So, most of you know the show "American Idol" – successful, and responsible for a host of spin-off “reality” shows such as “The Voice,” “X-Factor” and “America’s Got Talent.” I’ve been wondering about this phenomena for a while.
As a business, the industry has figured out that we like this sort of thing. So, they spend quite a sum, dishing up these sorts of shows and we consume it in large amounts – kind of like fast food is to the body, so this kind of stuff is fast food for the soul. And we all know how that’s working out for America, right?
So, what we’ve done is set up this high and exalted place in our culture that “discovers” and rewards all these talented people, who can sing, write, and perform. And we by and large consume it ... desire it ... put up with it ... watch it. But I wonder: Is this a good thing? Or is it benign – just entertainment? I am of the opinion that few things we consume are benign.
But most of us don’t think much of what we consume. We just drive up to the window like all those before us and those who will come after. We have a desire: i.e., veg out in front of the tube, turn on the radio, whatever, and we consume what they offer – and don’t give its effects on our souls much thought. But unlike the consumption of too many Big Macs, that will eventually make it’s effects known in that shooting pain radiating down your left arm. Consumption of this kind of stuff, well, it takes a bit more parsing to see how it affects us. So, in my last post I wondered at what this stuff says about us a culture – or even more personally, what does this say about (gulp) “me”?
It would seem that when you think of these kinds of shows, that the collective “we” have decided to reward those who are “good” and withhold fame from those who are well ... less. And somehow, our favorite show is the episode with all the folks who live in some strange world believe they should get their 15 minutes of fame – that they’re more talented than everyone else and then they make this amazingly bad performance. And we wonder, what were they thinking? Really? Surely this is staged. And equally sad are those who treat this as if this is “why” they live. And if they don’t get through to the next round, surely life is over. Really? THAT’S what you’re living for?
Now before you think I’m being too critical, I’m not trying to be in the sense of judgment, but simply wondering what this says about us. Is this really a good way to entertain ourselves?
I think I started asking that question when I found myself caught up in the show “Intervention” and then “Hoarders.” After a particularly difficult episode of “Intervention” (truly heart breaking with a sad outcome), it occurred to me that I was being entertained by others' pain. Yes, I know the justification – it’s informative and maybe will even help those who struggle with addiction. (And maybe there’s some truth to that. I’m not saying "don't watch.") BUT I’m not a heroin addict, nor have I been so compulsive in my spending that I’m homeless. So to me, it was simply how I was passing time. I found that it was somewhat like passing a car accident: You simply can't look away.
I think that’s really when I started looking at this issue differently and started wondering what all this says about “us," about me, when we make shows about people’s pain that is so deeply intense and sad. I found that in my case, I could at least in some unhealthy way console myself that I wasn’t that “bad” or into negative things that much. You see, I found that somehow I was trying to sit in the place reserved for only One ... God? I started noticing this false feeling of superiority. I wasn’t an addict. I didn’t hoard stuff. So, somehow I wasn’t as “bad” as that.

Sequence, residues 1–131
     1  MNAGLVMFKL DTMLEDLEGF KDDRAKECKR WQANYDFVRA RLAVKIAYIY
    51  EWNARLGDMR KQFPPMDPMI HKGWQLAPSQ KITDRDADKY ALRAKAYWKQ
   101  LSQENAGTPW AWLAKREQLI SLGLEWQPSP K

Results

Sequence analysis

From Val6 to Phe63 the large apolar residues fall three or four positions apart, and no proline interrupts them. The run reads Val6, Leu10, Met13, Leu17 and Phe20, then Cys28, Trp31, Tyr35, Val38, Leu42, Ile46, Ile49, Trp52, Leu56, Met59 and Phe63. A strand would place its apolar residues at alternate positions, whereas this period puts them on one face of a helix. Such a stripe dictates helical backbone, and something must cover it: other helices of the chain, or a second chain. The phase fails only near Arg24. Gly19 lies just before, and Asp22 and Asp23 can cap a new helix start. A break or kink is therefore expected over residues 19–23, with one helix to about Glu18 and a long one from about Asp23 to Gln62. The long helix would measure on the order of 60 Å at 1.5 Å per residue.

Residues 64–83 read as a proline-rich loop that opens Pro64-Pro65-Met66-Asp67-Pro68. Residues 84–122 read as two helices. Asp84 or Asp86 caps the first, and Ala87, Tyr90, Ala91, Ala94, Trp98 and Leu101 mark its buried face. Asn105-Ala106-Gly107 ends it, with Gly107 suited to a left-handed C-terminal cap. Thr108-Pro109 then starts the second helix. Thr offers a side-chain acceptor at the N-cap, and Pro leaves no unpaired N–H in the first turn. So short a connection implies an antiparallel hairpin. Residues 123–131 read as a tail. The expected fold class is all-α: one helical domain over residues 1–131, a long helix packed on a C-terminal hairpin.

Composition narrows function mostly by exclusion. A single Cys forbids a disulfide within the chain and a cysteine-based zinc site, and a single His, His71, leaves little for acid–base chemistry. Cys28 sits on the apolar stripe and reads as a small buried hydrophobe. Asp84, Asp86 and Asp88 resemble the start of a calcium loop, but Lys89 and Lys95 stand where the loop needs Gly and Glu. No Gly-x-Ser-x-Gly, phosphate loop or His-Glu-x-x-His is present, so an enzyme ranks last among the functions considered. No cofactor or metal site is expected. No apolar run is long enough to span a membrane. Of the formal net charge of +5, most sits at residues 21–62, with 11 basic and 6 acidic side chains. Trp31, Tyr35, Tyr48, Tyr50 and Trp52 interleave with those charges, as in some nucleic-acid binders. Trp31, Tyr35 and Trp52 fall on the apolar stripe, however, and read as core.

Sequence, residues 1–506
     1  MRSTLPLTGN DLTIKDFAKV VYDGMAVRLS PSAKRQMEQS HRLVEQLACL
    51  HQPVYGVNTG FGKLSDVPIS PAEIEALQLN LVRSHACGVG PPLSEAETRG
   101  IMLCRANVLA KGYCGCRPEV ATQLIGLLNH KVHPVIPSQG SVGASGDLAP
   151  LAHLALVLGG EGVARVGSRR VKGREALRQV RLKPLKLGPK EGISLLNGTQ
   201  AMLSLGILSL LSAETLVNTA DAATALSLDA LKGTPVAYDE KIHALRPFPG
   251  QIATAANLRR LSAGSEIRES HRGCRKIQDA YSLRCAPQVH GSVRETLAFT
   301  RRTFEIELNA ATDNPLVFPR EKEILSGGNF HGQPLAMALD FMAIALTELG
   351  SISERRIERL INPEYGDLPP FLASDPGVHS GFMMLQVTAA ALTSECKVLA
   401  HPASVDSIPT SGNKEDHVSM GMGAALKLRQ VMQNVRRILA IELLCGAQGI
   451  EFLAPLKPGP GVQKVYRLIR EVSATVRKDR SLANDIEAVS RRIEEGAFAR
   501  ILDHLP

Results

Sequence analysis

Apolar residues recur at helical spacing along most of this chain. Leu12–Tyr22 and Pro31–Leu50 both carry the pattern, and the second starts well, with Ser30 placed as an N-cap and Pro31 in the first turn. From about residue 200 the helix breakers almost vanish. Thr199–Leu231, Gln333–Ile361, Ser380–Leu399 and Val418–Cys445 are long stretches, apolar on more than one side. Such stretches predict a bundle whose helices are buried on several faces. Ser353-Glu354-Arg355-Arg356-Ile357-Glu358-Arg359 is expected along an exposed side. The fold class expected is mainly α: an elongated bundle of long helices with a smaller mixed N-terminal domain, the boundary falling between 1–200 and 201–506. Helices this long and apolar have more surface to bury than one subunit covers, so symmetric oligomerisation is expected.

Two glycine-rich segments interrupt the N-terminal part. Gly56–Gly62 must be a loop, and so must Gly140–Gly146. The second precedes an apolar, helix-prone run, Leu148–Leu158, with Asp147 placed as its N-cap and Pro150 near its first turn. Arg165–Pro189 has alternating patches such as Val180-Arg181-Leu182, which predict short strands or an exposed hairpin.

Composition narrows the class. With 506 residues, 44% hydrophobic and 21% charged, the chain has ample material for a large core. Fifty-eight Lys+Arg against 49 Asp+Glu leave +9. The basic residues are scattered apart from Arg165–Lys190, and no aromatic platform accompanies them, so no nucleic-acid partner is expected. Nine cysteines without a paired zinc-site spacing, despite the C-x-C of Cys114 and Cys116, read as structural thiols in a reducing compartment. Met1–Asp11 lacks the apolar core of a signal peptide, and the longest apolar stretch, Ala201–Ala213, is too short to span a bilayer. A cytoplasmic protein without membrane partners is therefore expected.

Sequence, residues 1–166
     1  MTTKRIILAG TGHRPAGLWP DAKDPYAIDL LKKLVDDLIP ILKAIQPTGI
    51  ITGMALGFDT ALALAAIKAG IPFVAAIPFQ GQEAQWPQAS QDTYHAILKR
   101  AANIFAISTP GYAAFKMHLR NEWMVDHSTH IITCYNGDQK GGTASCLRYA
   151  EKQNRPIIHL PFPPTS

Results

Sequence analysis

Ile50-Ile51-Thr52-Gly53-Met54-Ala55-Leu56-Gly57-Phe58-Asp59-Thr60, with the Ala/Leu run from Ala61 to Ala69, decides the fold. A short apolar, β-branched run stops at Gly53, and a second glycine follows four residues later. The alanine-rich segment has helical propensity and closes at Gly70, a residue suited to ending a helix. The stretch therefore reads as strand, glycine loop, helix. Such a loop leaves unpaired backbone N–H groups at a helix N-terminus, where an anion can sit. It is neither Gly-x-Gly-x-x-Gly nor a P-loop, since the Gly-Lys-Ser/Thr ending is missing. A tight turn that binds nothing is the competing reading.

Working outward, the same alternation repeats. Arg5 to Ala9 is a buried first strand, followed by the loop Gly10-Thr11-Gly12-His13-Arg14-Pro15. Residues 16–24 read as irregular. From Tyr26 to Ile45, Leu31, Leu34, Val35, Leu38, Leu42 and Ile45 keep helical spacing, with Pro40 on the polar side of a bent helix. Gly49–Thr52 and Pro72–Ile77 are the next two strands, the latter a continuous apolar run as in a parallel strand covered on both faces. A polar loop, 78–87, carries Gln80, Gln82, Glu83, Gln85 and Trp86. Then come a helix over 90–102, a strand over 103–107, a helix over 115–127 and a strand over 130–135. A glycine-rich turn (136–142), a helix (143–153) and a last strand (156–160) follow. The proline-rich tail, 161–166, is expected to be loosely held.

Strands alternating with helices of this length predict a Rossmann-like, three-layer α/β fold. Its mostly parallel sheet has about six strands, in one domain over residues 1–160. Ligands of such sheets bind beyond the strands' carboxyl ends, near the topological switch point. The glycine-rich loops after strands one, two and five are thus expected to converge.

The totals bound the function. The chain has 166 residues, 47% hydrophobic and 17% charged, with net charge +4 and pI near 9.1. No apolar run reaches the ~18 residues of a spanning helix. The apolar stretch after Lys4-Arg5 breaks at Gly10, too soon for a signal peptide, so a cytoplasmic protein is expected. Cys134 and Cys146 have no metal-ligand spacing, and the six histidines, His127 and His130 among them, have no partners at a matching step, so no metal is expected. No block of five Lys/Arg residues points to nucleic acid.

God gently reminded me that “all have fallen short of the glory of God” (Romans 3:23). And because of what I do and what I believe, we are all in need of God’s grace. Our fallenness ins’t something we should entertain ourselves with, but something we should lament. Our pain breaks God’s heart! He has made us “in His image” (Genesis 1:26), and even though our “sin is as scarlet” (Isaiah 1:8), He still has a dream for us (Psalm 139:16 – “All the days ordained for me were written in your book before one of them came to be.”). So God has a different way of seeing us than all these “reality shows.” He looks at us like a Father who loves His children, no matter how they sound.
After all, that’s what the Bible teaches Jesus did for us. He came in love for us, and took on himself all our sin, all our fallenness and offers us life, meaning and purpose. Every person – even the ones who can’t sing very well – He loves: “For God so loved the world that He sent His only Son, that whoever will believe in Him will have everlasting life” (John 3:16). He values us differently than these shows do. And more than fame, we need a relationship with Him.
So next time you’re watching your favorite “talent” show, ask yourself some questions: What messages do I see, hear, experience in this show? Does it uplift those who are performing? Or, do we mock them? Does it make me more compassionate towards others, or more critical of them? What values are portrayed? Do we lift up fame, fortune ... or love and compassion.
I get it – it’s just entertainment, you say. But, is it? Maybe that's the question we should start with.
Thinking about it ...